Image by: Rob Crandall Via: Shutterstock/WASHINGTON, DC, USA – Ruth Bader Ginsburg, during confirmation hearings, U. S. Supreme Court. 7/21/1993
As we get closer to the election, expect to see more posts related to politics and my opinion on how the black community can move forward as a whole and survive the next four years.
Damn! 2020 just won’t let up. Amidst an impending economic downturn, global pandemic, and mass civil unrest across the country, things are beyond Michael Jackson Bad. This past Friday, we learned that Supreme Court Justice and trailblazer of women’s rights, Ruth Bader Ginsburg (RBG), succumbed to her long standing fight with metastatic pancreatic cancer.
I know, I know, you are probably reading this thinking, ‘fam, what are we goin’ do now?’ First I want to express my sincerest condolences and say that RBG held on for as long as she could and her rest is well-deserved. Now, you might be shocked at my answer but, IMO, as a POC and on the basis of race, I think we need to continue doing exactly what we’ve been doing. Well actually, we could probably stand to turn it up a notch, but for the most part, the vast majority of us have been protesting, marching, voting, and standing up for justice both in public and in private. We cannot afford to stop anything that we’re currently doing, but we do need to press the gas to get more done.
Speak your mind – even if your voice shakes.Maggie Kuhn
So many of us were shooketh by RBGs passing and that’s understandable. But, going back to my previous comment, we have been out here in these streets protesting, marching, and advocating for years now. The real question(s) that we should all be asking ourselves in this moment is how in the hell has that worked out for us? And, what else can we do besides the obvious? Perhaps now is the time to shift our collective mindset or consider a different approach. As tragically sad as the loss of RBG is to both women and greater society, black people as a collective will be okay because we have to. It is a requirement for our collective survival.
As this year has unraveled, I have seen more of us play into this fear narrative; jumping on bandwagons that simply do not have room to take on our fears. Seriously, Trayvon Martin was murdered by Zimmerman eight years ago. And, while many of us would like to believe we were living in a post-racial United States, especially given the re-election of President Obama, that was simply the calm before the storm. The murder of Trayvon Martin, IMO, was the reboot of the modern day lynching against black bodies in this country. It had never gone away, but with the advancement of technology giving us the capability to capture these murders and heinous acts on camera, it offered a new lens for things to be viewed.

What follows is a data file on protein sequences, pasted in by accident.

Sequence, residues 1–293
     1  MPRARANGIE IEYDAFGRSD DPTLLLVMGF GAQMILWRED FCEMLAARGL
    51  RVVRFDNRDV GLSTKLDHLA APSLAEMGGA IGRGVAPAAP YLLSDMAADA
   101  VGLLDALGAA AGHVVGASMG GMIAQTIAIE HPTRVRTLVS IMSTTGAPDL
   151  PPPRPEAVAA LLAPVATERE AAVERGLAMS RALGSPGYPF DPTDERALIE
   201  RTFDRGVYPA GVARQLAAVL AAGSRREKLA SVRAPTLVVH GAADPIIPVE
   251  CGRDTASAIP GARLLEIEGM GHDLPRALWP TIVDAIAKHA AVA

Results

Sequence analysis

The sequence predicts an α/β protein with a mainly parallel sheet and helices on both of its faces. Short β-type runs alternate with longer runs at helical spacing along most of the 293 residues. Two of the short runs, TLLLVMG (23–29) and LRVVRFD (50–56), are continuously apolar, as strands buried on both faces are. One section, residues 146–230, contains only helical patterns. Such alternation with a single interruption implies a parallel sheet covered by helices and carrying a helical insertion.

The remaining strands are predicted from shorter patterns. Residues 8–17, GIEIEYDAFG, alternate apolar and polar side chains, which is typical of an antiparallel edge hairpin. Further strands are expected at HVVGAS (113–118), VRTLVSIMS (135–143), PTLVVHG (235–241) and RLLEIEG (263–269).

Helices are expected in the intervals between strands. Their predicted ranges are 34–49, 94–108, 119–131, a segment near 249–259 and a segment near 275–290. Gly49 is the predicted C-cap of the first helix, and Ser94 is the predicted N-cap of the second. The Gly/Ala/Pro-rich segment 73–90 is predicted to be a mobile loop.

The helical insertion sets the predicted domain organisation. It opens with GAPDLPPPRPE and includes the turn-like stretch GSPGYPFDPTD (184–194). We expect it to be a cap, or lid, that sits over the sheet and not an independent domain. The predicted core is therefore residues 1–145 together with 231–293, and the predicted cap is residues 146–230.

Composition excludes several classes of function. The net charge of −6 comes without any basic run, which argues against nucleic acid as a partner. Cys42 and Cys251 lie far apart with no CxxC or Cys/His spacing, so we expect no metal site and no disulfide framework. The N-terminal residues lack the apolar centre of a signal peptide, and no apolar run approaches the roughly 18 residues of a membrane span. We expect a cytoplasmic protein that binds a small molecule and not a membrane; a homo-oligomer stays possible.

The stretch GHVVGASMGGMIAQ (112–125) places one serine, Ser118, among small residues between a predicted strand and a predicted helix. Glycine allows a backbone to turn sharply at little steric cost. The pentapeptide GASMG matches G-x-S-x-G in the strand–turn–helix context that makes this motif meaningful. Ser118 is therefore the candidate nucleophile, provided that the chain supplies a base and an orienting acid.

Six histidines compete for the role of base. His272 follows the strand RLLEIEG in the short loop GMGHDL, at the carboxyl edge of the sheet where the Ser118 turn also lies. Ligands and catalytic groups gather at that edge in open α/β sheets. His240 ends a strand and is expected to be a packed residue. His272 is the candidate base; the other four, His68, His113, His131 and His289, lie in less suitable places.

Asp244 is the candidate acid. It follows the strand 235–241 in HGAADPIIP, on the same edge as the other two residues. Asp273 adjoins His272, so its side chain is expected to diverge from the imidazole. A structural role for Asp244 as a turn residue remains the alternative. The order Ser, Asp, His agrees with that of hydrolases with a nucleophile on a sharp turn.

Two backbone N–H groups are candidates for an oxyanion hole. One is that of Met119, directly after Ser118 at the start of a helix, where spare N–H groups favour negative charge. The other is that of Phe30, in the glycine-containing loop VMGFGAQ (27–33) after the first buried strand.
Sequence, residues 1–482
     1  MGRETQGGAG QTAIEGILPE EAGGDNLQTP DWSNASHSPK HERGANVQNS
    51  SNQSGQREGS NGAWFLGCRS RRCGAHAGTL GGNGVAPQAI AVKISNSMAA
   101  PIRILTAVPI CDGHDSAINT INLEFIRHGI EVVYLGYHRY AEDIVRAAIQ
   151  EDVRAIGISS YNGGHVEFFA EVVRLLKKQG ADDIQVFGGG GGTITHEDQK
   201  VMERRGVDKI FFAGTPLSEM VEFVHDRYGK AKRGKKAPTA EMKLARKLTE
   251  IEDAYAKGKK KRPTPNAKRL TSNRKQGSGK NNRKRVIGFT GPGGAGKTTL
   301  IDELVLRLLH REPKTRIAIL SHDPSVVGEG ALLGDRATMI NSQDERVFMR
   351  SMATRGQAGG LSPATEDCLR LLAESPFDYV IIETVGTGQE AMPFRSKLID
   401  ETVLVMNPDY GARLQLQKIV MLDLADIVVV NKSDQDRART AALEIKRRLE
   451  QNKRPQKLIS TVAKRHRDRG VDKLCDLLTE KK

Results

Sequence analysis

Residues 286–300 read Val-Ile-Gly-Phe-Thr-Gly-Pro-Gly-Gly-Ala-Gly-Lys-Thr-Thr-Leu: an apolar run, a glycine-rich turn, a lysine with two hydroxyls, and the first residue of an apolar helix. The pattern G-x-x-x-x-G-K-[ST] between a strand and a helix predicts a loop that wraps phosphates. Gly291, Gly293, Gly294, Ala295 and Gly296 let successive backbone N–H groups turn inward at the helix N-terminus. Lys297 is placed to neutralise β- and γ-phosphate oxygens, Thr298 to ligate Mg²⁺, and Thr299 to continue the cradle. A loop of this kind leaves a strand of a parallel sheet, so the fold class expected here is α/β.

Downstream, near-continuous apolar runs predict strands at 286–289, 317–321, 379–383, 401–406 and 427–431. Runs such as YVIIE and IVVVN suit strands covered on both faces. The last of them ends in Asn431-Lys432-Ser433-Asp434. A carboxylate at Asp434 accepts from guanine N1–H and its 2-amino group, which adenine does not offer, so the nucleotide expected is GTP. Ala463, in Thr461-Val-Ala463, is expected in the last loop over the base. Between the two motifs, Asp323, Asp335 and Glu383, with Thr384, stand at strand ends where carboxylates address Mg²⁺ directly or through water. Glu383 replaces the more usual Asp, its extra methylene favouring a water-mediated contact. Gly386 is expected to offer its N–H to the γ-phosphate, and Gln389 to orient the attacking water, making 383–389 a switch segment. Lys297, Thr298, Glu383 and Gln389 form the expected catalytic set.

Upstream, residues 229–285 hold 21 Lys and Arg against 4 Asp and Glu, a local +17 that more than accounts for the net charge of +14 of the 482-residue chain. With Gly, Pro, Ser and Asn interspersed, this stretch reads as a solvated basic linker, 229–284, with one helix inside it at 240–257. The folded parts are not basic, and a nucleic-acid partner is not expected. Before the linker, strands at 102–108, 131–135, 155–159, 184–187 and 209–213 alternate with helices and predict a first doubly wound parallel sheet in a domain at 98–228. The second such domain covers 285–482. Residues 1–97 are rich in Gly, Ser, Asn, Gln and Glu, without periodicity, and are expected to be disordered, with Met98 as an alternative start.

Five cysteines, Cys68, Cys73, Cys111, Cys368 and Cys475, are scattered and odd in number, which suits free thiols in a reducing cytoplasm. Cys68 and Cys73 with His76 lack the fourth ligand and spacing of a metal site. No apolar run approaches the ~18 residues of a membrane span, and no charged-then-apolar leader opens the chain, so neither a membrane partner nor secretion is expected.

I think D.L. Hughley said it best in 2018, “The most dangerous place for black people to live is in white people’s imagination.” No matter what we do, we can never escape their imagination. Until they are ready to discuss their fear and dispel the narrative that links black people to anything but humans, we will continue to exist in a place that is traumatic, damaging, dangerous, and deadly for black people. What I need us to see and realize is that we have been living in danger this entire time. Think about it, white supremacy has NEVER gone anywhere, capitalism, racism, and all of the other ism’s are still prevalent. The difference is that the pendulum swings from side to side favoring one agenda over the other depending on whose in power. But guess what, that ain’t never been us, #forever44 only occupied 1600, but did not control ish! Debate me over that later.
My point, we have clearly been drinking the kool-aid and are not as woke as we may believe we are due to a lingering sugar high and this obsession with representation politics is killing us! Why we continue to settle for representation without implementation is beyond my scope, okay! Before I get too riled up about that, I’ll make a mental note to dedicate a post to representation politics and keep it pushing. Political representation is akin to a companies PR department, but like I said stay tuned for that post. Now, while the passing of Justice Ginsburg is sad and for many on the left, it is downright devastating; we cannot dwell there. Legit, race has been an issue since the Mayflower. Even though the intent was never for us to adapt and thrive, we did, which is why I believe that black people, we will be okay.
Survival, resilience, the freedom to speak up in the face of adversity and challenge the status quo are what made RBG so notorious, loved, and respected by many. Guess what? Survival is in our DNA and freedom is our birthright. Somewhere, somehow, we got lost and picked up a lot of negative emotions and thought processes along the way. While completely understandable, instead of continuing to feed into these negative emotions that stem from fear and hopelessness; we can heed the words of RBG,”Don’t be distracted by emotions like anger, envy, resentment. These just zap energy and waste time.”